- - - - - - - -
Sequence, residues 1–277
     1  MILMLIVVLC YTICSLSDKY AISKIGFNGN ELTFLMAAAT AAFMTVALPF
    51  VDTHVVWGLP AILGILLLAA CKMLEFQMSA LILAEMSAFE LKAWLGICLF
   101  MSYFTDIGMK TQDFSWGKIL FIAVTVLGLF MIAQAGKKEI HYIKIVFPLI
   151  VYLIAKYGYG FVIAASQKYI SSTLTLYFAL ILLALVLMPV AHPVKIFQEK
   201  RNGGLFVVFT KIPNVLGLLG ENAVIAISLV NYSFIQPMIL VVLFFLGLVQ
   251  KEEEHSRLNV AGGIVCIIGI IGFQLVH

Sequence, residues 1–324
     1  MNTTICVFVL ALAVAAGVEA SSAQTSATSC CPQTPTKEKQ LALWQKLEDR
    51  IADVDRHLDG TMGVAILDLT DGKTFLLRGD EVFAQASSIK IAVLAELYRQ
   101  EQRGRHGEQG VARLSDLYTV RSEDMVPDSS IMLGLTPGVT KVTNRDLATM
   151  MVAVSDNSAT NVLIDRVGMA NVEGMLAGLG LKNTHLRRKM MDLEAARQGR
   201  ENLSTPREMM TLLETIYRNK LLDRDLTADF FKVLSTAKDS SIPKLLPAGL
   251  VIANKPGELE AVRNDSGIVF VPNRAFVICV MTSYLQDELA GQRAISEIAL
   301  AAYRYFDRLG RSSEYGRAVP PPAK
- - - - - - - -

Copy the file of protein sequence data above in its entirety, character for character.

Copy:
Sequence, residues 1–277
     1  MILMLIVVLC YTICSLSDKY AISKIGFNGN ELTFLMAAAT AAFMTVALPF
    51  VDTHVVWGLP AILGILLLAA CKMLEFQMSA LILAEMSAFE LKAWLGICLF
   101  MSYFTDIGMK TQDFSWGKIL FIAVTVLGLF MIAQAGKKEI HYIKIVFPLI
   151  VYLIAKYGYG FVIAASQKYI SSTLTLYFAL ILLALVLMPV AHPVKIFQEK
   201  RNGGLFVVFT KIPNVLGLLG ENAVIAISLV NYSFIQPMIL VVLFFLGLVQ
   251  KEEEHSRLNV AGGIVCIIGI IGFQLVH

Sequence, residues 1–324
     1  MNTTICVFVL ALAVAAGVEA SSAQTSATSC CPQTPTKEKQ LALWQKLEDR
    51  IADVDRHLDG TMGVAILDLT DGKTFLLRGD EVFAQASSIK IAVLAELYRQ
   101  EQRGRHGEQG VARLSDLYTV RSEDMVPDSS IMLGLTPGVT KVTNRDLATM
   151  MVAVSDNSAT NVLIDRVGMA NVEGMLAGLG LKNTHLRRKM MDLEAARQGR
   201  ENLSTPREMM TLLETIYRNK LLDRDLTADF FKVLSTAKDS SIPKLLPAGL
   251  VIANKPGELE AVRNDSGIVF VPNRAFVICV MTSYLQDELA GQRAISEIAL
   301  AAYRYFDRLG RSSEYGRAVP PPAK